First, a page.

Beattie, Robert Pollock

Beattie, Robert Pollock

Lieutenant Commander (Engineer)

HMS Willamette Valley, Royal Naval Reserve

Killed in action on Saturday 29 June 1940 (aged 40)

No known grave

Commemorated:

Commonwealth War Graves Commission

Liverpool Naval Memorial, Lancashire (Panel 1 Column 2)

BIOGRAPHY

In the 31 August 1940 edition of the County Down Spectator the death of Lieutenant Commander (E) R.P. Beattie was reported under the headline Bangor Naval Officer’s Death.  It was reported that the Misses Beattie of Knocklofty House, Hamilton Road, Bangor had received intimation about the death of their brother on 29 June 1940.  Before the war he had served with the Royal Mail Line.

Robert Pollock Beattie was born on 9 June 1900 at 20 Titania Street, Belfast and he was a son of James Boal Beattie, who was born in County Donegal, and Margaret Sarah Beattie (nee Pollock), who was born in County Monaghan.

Margaret Sarah Pollock was James Boal Beattie’s second wife and they were married on 10 October 1894 in Ballyalbany (Second Monaghan) Presbyterian Church. They lived at 20 Titania Street in Belfast and later in Bell-vue, Cregagh Road, Belfast.  James Boal Beattie was a policeman and later he worked as a coroner’s registrar.  James and Margaret Beattie (nee Pollock) had seven children:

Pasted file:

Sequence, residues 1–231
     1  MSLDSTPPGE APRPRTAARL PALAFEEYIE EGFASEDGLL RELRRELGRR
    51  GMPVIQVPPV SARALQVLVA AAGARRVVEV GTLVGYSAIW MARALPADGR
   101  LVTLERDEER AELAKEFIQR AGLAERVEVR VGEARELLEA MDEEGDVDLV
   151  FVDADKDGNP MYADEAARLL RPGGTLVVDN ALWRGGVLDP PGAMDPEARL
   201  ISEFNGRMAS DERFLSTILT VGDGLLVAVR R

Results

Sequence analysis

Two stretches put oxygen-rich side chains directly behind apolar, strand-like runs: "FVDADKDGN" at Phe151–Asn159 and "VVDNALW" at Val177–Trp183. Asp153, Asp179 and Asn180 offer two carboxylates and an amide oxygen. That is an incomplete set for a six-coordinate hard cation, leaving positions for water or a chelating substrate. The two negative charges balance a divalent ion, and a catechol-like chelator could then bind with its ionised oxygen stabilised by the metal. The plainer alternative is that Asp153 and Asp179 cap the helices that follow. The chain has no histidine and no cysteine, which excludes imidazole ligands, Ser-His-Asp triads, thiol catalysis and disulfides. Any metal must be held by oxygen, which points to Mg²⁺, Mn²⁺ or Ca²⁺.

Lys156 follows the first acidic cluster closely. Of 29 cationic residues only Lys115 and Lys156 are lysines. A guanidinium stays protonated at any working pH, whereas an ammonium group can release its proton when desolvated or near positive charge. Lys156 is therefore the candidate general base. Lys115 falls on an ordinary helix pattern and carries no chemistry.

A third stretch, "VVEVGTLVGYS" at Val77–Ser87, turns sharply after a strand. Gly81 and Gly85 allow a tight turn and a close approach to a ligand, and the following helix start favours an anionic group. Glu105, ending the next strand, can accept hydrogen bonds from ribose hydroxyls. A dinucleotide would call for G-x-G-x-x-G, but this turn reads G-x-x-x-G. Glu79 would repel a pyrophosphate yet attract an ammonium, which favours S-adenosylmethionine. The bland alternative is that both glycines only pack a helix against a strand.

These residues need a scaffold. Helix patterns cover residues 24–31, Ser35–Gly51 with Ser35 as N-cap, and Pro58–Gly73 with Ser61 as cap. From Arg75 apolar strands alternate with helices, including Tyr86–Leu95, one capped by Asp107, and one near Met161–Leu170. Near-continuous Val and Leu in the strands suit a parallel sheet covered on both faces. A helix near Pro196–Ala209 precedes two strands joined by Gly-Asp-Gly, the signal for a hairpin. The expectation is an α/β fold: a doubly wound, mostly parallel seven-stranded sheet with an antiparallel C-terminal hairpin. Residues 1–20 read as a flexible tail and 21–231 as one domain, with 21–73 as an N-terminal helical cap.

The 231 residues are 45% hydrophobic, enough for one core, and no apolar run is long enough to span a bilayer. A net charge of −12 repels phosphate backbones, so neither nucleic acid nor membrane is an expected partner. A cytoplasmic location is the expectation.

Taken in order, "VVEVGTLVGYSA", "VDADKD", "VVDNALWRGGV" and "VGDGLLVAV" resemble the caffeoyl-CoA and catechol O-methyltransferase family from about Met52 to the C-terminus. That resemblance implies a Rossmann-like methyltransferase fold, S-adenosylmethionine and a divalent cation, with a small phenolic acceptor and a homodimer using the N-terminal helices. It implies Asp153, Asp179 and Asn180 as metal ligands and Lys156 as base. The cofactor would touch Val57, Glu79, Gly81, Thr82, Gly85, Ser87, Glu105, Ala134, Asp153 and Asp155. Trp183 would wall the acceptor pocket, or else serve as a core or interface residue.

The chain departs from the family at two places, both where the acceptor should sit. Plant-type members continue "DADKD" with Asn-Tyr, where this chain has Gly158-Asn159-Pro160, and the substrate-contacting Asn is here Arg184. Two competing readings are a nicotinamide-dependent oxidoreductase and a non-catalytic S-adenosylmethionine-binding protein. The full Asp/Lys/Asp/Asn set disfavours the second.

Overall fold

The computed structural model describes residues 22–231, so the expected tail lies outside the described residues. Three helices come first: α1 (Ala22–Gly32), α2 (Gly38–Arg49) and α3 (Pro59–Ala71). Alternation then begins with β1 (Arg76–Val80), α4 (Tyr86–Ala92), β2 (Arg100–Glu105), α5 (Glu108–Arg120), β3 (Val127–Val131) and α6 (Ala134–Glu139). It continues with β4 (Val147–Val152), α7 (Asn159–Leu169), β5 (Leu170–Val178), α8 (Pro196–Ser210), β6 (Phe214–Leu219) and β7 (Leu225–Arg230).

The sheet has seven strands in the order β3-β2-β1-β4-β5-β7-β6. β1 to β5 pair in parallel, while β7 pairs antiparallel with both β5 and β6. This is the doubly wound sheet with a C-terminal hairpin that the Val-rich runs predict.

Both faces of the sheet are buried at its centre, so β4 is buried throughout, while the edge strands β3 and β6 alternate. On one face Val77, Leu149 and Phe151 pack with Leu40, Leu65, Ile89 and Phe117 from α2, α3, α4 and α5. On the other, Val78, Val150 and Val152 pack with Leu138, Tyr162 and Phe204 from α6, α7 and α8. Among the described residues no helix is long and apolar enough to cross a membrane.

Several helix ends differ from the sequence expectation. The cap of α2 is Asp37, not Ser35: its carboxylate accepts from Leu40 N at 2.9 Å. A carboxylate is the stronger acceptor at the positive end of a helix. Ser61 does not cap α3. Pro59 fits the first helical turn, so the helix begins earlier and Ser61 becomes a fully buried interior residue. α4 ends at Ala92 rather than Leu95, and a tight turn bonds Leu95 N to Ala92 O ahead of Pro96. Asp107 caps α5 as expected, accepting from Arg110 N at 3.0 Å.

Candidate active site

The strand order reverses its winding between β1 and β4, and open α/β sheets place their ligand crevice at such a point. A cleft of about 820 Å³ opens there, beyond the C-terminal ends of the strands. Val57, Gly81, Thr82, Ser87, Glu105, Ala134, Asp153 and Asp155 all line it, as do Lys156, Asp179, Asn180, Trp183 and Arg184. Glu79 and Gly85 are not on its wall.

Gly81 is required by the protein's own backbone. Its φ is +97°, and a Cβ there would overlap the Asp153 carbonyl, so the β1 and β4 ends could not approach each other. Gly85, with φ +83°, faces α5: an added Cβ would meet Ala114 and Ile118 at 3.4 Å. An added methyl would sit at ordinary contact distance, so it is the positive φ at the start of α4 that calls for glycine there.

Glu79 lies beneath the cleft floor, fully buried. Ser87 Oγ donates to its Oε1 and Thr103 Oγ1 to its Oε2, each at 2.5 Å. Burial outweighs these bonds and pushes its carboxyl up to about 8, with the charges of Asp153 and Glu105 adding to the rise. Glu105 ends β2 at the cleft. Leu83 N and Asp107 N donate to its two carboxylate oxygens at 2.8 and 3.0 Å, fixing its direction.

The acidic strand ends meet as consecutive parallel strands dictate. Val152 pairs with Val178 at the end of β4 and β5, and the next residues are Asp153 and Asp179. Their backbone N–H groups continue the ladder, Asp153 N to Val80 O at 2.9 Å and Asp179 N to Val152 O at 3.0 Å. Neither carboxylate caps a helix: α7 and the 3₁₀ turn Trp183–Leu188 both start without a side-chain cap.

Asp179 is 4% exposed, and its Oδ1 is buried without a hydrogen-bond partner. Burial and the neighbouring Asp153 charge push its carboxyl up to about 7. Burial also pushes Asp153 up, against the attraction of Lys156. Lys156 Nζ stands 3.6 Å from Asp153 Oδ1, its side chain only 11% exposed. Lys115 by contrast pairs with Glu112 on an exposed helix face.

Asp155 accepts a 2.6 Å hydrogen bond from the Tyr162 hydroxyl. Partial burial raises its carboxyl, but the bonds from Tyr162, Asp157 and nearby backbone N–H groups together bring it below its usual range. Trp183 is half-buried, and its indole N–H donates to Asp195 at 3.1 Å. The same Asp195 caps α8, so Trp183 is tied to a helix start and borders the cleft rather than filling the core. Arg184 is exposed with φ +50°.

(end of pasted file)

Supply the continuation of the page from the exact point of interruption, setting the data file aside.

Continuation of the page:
Elizabeth (born 5 July 1895 and baptised in St Enoch’s Presbyterian Church, Belfast)

Mary (born 10 January 1897)

Matilda (born 8 January 1899)

Robert Pollock (born 9 June 1900)

James Boal (born 11 April 1902)

William (born 25 March 1904, died 26 July 1905 aged 16 months)

William Beattie was buried in the City Cemetery (Grave H. 4. 80), as were his parents.  James Boal Beattie died on 13 January 1917 (aged 60) and Margaret Sarah Beattie died at 1 Knocklofty Park, Belfast on 7 April 1937 (aged 73).

During the Second World War Lieutenant Commander (E) Robert Pollock Beattie served in the Royal Naval Reserve aboard the Q-ship HMS Willamette Valley (with the Royal Fleet Auxillary cover name HMS Edgehill).  Q-ships (also sometimes called decoy vessels, special service vessels or mystery ships) were small merchantmen armed with concealed guns that could be deployed quickly if they came under attack by an enemy submarine.  Such decoy ships had been used in the First World War and in September and October 1939, at the beginning of the Second World War, at least nine were commissioned immediately for use in the North Atlantic.  Built in 1928 by Napier and Miller Ltd., Old Kilpatrick, Glasgow as West Lynn and renamed Willamette Valley in 1931, she was requisitioned in September 1939 by the Royal Navy and converted to a decoy ship.  Commissioned as Special Service Vessel (SSV) HMS Edgehill (X 39) she was torpedoed and sunk by the German submarine U-51 on 29 June 1940. Lieutenant Commander (E) Robert Pollock Beattie was 40 years old when he died and he is commemorated on the Liverpool Naval Memorial.  His effects amounted to some £326 and probate was granted to his sister Elizabeth.